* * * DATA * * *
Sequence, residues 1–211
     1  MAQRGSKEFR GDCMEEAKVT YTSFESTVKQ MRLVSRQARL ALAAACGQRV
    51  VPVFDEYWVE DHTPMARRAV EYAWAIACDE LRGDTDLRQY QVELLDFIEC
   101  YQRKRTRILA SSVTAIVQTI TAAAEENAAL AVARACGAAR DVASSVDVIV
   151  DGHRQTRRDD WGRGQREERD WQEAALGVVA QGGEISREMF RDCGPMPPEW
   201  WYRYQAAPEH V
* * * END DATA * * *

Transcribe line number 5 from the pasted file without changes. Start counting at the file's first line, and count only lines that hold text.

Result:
   151  DGHRQTRRDD WGRGQREERD WQEAALGVVA QGGEISREMF RDCGPMPPEW